President Obama’s budget proposal may not go far enough, but at least it presents a method for shared sacrifice that can be expanded. It combines cuts to social programs with a slight trimming of defense and adds a bit of revenue through modest tax increases. The Republican alternative is more an effort best represented by an M.C. Escher impossible reality. The bottom line being that the budget simply cannot be balanced solely within the proposed Republican framework.
The situation may be complicated, but the math really isn’t. With a $14 trillion hole, only about $440 billion in discretionary spending outside of defense, and annual interest payments of $250 billion, the Republican plan set forth by Rep. Ryan doesn’t balance the budget until the 2060s and piles on $62 trillion in debt during the process. Republican fiscal responsibility is a fairy tale, sort of a contemporary version of the Goose that Laid the Golden Eggs.
But as insane as this GOP plan may appear, like an iceberg, there’s more to it than what we see on the surface. As House Majority Leader Eric Cantor (R-VA) promised, the Republican budget will be “a serious document that will reflect the type of path we feel we should be taking to address the fiscal situation, including addressing entitlement reforms.” In GOP parlance, that means more pain for everyone but the wealthy, pain that will include a full frontal assault on our nation’s social safety nets.
The writing is on the wall. Because the Republicans refuse the responsible path of both increasing revenue and putting ALL spending on the table, they must attack the entitlements. This is possibly the GOP’s most egregious tactic and without doubt one of their favorite arenas for yarn spinning (a euphemism for telling bald-faced lies). Republicans would have everyone believe that Social Security is seriously broken, and that it’s partially to blame for the deficit — sadly, it doesn’t matter to them that both assertions have no basis in reality.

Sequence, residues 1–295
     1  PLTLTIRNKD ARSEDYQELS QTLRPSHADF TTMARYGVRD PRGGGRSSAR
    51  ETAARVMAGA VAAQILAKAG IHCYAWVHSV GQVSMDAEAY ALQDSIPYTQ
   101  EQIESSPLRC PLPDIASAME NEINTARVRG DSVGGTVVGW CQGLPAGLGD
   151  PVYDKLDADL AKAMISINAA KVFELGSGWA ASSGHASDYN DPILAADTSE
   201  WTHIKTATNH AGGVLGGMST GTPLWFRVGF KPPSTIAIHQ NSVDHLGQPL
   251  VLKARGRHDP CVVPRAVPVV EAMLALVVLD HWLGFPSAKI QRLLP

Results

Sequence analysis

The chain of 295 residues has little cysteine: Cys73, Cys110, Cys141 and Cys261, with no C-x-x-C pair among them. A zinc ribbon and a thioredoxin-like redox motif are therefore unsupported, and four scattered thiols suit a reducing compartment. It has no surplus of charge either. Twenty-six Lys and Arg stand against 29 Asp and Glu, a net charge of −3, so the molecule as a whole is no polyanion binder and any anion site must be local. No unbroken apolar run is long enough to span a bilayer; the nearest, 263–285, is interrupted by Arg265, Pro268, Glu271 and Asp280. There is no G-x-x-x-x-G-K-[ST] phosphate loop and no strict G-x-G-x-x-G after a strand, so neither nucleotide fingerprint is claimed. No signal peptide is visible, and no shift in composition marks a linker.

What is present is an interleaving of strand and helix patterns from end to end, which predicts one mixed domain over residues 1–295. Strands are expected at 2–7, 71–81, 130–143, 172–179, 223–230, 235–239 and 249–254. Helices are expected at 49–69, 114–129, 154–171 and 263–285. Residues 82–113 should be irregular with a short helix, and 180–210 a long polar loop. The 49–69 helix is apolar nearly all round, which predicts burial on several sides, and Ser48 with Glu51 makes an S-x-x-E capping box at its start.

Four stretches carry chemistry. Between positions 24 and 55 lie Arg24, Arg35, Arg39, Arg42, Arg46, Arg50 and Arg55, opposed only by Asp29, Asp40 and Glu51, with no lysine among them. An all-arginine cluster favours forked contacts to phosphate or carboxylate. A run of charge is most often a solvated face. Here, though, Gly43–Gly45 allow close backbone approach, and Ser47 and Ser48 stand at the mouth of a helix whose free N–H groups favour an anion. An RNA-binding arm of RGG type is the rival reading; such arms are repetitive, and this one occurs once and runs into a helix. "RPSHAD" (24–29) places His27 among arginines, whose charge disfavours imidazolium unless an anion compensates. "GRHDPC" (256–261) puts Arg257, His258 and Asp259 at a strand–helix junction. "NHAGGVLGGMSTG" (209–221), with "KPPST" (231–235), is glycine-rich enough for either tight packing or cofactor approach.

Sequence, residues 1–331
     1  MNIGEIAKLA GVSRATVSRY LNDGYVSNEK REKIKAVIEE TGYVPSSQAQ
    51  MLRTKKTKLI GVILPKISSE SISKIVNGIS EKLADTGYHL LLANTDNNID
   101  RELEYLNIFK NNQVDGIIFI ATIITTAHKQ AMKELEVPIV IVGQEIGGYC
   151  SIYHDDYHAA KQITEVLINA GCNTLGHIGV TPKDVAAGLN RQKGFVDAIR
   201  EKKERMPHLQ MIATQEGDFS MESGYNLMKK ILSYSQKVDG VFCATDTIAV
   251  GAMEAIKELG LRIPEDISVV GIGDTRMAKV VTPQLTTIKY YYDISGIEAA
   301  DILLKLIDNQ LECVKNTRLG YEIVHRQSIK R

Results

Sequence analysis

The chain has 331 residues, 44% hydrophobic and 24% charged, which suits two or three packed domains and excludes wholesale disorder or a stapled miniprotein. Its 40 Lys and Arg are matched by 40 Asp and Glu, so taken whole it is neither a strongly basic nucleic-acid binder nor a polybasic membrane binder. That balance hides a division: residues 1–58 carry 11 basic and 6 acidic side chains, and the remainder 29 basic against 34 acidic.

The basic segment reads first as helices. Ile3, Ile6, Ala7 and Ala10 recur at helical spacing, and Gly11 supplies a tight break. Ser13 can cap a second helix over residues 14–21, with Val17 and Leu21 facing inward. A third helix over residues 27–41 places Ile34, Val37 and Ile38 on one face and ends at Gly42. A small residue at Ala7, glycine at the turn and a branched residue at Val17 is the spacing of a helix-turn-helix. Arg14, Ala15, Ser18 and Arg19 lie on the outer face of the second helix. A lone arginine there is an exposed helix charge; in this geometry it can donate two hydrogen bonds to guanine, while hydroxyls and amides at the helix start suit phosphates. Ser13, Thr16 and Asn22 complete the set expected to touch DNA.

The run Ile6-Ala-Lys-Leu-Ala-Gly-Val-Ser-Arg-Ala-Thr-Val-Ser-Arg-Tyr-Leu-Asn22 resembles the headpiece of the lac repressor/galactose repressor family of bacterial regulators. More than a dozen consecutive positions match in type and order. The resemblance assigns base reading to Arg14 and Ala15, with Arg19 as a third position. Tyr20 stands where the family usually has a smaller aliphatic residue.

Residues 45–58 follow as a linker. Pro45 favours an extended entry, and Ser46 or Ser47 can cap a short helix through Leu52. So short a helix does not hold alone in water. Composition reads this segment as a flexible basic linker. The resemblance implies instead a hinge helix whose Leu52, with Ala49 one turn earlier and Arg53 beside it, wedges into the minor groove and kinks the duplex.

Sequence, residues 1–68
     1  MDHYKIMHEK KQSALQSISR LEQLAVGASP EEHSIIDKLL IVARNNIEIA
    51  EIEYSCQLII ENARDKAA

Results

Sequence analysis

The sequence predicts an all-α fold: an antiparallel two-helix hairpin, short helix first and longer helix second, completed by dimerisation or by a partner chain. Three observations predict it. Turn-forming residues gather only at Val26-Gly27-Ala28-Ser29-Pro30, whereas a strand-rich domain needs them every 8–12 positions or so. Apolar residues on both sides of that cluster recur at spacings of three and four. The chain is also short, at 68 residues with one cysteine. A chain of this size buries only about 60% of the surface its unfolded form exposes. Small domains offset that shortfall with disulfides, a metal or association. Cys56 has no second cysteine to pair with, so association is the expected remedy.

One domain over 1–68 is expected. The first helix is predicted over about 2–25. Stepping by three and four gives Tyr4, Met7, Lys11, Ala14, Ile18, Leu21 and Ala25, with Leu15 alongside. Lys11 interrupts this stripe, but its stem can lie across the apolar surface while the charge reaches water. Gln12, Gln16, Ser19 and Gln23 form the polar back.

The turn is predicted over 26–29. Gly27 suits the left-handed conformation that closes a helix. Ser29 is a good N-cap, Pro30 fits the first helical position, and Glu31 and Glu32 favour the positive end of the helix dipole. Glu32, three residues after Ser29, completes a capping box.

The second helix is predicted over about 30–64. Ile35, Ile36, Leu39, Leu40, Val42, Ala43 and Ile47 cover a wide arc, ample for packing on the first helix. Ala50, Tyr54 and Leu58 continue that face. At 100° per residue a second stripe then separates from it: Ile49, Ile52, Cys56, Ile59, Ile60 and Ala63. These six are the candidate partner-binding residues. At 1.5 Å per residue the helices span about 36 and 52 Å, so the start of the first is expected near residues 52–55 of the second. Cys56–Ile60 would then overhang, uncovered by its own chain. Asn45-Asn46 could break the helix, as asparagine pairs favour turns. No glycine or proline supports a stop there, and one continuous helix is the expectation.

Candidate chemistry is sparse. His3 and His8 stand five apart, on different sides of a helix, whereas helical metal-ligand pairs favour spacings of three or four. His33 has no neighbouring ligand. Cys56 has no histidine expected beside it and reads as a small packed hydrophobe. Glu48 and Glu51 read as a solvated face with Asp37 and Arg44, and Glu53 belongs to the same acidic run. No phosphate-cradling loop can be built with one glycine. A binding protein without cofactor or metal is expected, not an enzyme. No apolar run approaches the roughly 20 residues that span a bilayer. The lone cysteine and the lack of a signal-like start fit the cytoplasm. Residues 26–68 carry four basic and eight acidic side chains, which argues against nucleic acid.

Republican spin on Social Security is nothing but more fable peddling. As evidenced in economist Dean Baker’s letter to Sen. Richard Shelby, sent after the Senator told a nice whopper about the program, even “if nothing is ever done, then Social Security would pay full benefits through the year 2037.” It would also be able to pay around 80% of benefits well into the second half of the century. With small tweaks, the program will remain vibrant for its entire 75-year horizon and beyond. But this narrative doesn’t fit the GOP model for fueling Wall St. profits through privatization, so the truth must be set aside and a tale must be spun.
Part of that Republican tale is the myth of a broken system, but even more disingenuous is their contention that we must fix Social Security in order to address the deficit. This is pure, unadulterated hogwash — grade-A falsehood — a freaking lie! The fact of the matter is that Social Security is not included in the deficit. It is both funded and expensed outside of the budget; it is an off-budget program, and it has a surplus balance of some $2.5 trillion. The truth of the matter is that Social Security hasn’t negatively impacted the deficit — it’s actually helped to mask its true magnitude.
Medicare is another story. Being included “on-budget,” shortfalls in Medicare funding do impact the budget, and program solvency will require much more than tweaking. But even in the case of Medicare, the Republican position is fraught with dishonesty. The problem with both Medicare and Medicaid is not inherent in the government programs but rather a function of the rising cost of healthcare. With Medicare the problem is exacerbated by the increasing number of elderly Americans, but unless we’re okay with just denying them medical services, we still need to seek a real solution.